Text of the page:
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BIOL 125: Ecology, Evolution, and Diversity: Main

Great Searching Techniques...

You need to find someone who has written on the topic of ethnobiology.  Ethnobotanists are those who study the relationship between people and nature, and usually deal with a specific group of people in a defined region and how they interact with specific species. Remember that ethnobiology branch into many different fields of study, so they may not offically be identified as a ethnobiologist; researchers may identify closer with another field of study such as biology, anthropology, ecology, or conservation/sustainability.

Here are some techniques for finding ethnobiologists. 

1. Start with the library's Biosis Preview database or other article databases.
If you're not familiar with many ethnobiologists, start with the Biosis Preview database and searching for the topic "ethnobiology."  Biosis Previews can sort your results by author through clicking the ANALYZE button and then rank the results by author.  This will list some of the most prolific ethnobiology authors, plus rank them according to who has published the most. You can also use your textbook or the internet to help identify ethnobiologists. 

2. Browse ethnobiology publications.
Society of Ethnobiologist, Journal of Ethnobiology and Ethnomedicine, and Ethnobiology Newsletters are some of the major publications in this field.  Databases are a good tool to use because they index hundreds to thousands of journals.  Keep in mind that the databases tell you what literature exists; they may not link to the full text of an article, so you may need to request a copy through interlibrary loan.  

3. After you have selected an author, see what they've written.
For example, Wade Davis wrote the book Passage of Darkness: the Ethnobiology of the Haitian Zombie. Check the library catalog to see if he has written books other books.  If we use one of the library's article database to search for "Wade Davis and ethnobiology," we discover he also wrote an article called "The Ethnobiology of the Haitian Zombi." 

4. Check if other people have cited their work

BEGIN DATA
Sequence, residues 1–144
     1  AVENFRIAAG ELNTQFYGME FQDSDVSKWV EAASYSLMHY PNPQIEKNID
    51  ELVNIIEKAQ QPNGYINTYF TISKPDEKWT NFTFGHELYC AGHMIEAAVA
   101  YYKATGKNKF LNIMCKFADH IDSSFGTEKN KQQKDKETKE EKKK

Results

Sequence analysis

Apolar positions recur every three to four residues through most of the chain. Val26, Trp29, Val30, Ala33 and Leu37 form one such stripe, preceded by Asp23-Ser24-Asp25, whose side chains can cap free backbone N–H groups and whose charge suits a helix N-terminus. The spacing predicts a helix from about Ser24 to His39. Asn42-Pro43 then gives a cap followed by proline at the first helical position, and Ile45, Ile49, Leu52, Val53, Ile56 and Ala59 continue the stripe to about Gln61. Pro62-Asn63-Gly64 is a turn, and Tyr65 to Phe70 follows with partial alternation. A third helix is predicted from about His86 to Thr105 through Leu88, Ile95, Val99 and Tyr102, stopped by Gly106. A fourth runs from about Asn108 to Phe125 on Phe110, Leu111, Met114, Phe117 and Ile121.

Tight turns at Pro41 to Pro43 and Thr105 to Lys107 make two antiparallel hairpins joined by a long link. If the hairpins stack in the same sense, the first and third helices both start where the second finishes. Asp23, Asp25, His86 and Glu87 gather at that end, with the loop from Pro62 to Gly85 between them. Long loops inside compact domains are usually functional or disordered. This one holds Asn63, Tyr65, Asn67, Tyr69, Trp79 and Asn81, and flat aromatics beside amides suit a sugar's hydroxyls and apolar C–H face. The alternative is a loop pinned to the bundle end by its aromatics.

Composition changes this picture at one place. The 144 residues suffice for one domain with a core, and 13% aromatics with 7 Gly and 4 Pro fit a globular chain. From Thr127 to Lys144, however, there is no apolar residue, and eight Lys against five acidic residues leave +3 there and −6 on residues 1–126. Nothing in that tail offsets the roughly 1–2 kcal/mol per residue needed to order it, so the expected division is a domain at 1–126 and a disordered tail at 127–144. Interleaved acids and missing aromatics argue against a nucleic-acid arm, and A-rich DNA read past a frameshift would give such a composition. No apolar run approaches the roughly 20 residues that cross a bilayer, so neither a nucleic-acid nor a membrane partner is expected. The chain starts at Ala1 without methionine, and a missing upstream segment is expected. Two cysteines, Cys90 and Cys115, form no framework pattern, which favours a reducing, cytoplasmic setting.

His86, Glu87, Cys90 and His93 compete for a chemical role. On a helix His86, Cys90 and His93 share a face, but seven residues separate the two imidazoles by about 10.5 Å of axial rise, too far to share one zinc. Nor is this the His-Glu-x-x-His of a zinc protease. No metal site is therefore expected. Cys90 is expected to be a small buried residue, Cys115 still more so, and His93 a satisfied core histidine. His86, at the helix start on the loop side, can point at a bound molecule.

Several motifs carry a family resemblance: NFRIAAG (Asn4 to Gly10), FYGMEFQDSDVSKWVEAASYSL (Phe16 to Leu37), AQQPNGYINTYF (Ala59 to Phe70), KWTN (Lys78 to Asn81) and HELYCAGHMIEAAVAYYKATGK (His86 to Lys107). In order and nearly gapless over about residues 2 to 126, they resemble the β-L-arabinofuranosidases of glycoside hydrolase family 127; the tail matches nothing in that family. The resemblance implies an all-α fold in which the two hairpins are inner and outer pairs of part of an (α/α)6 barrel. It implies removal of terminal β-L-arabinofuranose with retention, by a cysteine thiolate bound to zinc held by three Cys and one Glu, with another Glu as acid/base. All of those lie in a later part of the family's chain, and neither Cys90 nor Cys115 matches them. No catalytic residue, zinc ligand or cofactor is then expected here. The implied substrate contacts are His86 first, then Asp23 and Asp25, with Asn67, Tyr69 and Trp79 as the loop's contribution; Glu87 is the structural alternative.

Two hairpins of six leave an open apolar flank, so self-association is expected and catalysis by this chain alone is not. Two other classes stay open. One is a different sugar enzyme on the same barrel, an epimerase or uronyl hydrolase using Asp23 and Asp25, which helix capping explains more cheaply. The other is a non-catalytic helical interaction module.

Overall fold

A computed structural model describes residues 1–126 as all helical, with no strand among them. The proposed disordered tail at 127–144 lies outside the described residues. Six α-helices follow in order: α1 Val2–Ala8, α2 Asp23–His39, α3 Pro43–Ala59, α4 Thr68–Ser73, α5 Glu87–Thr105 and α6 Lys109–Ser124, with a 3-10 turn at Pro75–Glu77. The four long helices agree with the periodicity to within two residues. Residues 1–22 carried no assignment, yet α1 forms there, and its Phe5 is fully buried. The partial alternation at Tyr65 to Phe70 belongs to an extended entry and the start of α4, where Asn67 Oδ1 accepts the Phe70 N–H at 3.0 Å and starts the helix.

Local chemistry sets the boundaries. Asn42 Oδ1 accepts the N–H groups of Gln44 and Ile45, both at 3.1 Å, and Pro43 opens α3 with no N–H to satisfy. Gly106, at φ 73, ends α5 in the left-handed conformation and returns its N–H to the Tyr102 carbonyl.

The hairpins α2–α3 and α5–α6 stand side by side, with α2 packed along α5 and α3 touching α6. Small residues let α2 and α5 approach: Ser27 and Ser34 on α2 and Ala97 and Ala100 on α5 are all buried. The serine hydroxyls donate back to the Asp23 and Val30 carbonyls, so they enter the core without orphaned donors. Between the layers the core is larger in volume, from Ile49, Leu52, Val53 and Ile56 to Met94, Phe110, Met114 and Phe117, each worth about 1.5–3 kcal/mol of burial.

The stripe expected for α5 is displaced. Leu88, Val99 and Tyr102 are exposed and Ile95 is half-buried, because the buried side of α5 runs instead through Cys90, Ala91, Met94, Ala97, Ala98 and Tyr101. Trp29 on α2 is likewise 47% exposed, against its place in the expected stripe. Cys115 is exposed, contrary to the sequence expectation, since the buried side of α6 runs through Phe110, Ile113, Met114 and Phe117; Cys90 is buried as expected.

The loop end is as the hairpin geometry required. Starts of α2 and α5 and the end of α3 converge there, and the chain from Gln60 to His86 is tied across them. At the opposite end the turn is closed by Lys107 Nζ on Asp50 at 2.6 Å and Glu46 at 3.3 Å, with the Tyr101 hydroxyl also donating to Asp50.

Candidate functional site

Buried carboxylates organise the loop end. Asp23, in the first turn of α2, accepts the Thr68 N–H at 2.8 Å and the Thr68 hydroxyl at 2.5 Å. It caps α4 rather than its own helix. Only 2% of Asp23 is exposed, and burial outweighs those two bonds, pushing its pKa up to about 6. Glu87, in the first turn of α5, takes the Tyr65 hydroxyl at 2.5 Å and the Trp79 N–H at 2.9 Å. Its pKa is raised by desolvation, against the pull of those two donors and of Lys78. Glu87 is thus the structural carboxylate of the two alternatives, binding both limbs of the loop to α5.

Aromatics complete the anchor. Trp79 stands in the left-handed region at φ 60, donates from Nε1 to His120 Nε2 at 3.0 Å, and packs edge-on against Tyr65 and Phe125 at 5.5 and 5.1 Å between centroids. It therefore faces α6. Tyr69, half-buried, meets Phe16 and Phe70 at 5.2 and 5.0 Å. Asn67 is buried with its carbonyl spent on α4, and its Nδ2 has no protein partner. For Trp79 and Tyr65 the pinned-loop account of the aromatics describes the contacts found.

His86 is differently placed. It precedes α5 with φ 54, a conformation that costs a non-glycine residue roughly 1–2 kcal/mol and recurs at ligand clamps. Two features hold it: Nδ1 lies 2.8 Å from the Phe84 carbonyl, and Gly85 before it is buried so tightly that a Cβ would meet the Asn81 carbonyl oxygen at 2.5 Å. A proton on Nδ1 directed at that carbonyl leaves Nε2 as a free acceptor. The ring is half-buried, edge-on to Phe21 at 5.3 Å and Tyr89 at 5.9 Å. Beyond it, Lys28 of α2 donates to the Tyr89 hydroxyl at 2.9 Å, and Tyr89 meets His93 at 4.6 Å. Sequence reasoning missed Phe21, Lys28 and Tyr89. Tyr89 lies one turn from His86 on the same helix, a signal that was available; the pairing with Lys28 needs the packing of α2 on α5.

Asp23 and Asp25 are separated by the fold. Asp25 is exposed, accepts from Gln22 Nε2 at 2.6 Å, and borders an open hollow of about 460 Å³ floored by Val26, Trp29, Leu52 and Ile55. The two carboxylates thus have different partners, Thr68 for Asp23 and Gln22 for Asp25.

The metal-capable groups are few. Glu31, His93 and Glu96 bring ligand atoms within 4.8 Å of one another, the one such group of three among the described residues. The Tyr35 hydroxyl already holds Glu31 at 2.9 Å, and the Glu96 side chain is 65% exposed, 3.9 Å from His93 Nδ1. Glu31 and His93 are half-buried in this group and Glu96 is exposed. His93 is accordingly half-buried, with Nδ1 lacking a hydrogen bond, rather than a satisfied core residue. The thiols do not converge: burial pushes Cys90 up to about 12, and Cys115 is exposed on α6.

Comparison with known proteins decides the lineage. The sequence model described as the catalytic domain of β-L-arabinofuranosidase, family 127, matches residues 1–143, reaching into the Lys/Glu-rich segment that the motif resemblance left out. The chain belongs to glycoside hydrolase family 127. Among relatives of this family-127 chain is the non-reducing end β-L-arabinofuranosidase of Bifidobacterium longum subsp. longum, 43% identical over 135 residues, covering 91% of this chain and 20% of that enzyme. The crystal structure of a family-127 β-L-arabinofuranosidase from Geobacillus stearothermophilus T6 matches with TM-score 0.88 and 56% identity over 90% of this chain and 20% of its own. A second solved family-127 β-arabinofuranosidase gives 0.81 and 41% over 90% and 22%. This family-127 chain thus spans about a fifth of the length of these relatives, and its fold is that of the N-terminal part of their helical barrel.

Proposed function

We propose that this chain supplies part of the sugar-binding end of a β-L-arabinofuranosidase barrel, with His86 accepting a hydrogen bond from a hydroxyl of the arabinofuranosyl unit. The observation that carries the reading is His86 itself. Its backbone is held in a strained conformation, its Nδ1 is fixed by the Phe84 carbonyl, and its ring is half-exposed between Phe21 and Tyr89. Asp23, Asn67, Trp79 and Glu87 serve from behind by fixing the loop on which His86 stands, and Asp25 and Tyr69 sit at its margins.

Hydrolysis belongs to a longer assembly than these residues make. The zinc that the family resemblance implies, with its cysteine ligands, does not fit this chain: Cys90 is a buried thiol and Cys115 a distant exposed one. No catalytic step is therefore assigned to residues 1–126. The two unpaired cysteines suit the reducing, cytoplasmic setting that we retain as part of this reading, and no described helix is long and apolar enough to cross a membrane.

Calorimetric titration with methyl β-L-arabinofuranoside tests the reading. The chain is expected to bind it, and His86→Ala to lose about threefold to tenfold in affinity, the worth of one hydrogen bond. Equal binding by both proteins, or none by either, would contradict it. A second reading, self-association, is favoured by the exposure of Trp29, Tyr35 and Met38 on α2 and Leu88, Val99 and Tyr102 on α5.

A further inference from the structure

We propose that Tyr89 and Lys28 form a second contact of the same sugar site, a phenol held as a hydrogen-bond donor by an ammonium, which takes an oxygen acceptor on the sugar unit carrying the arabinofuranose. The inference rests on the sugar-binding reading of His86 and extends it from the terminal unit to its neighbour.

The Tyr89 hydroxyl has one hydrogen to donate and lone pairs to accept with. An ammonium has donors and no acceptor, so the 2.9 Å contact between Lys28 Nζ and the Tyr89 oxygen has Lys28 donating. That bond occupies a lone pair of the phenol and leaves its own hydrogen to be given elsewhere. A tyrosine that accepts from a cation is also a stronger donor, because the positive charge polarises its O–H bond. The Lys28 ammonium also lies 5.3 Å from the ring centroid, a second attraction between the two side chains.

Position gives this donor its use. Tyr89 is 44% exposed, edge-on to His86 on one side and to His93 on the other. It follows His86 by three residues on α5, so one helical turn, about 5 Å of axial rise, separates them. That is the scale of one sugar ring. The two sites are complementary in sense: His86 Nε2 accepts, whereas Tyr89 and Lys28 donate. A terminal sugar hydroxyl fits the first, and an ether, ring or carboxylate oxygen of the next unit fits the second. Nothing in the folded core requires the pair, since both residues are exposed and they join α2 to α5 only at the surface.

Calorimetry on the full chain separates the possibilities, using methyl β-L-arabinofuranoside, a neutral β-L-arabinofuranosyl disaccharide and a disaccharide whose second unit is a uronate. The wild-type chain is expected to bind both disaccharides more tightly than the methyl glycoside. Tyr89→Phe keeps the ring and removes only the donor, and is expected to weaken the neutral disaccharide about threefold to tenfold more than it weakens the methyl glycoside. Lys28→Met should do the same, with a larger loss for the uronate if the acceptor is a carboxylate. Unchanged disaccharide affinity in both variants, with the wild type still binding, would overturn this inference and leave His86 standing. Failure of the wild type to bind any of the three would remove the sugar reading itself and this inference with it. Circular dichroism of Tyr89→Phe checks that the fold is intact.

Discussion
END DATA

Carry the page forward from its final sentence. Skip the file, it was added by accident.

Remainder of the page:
Check Google Scholar or Biosis Preview to see if anyone has cited this book (Google Scholar currently lists 164 citations).  The database Science Citation Index is another really useful resource for exploring article citations. 

5. Some articles list the instituion the authors are currently associated
Institutions frequently post info about researchers on their web site.  However, they may move to different institutions and info about past employees are not always preserved by former institutions. 

6. Search the Internet for your person's "CV" or biography (see Wade Davis example).
This will give you a list of the employment history, education, and publications. More likely, authors will have a personal web page with additional information, such as their publications, research interests, etc. what got them intested in their field of research originally.

7. Use some library reference books to find professional info about your researcher. 
Here is a link to some potentially useful books. Keep in mind that there may not be much info on the person you choose to research. You may also try your textbook which may provide additional info your ethnobiologist.

Current Topics in the Journal of Ethnobiology

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Subject Guide

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John Repplinger

Other areas of expertise:
Academic Commons,
Citation Tools, Zotero,
Data Management Plans

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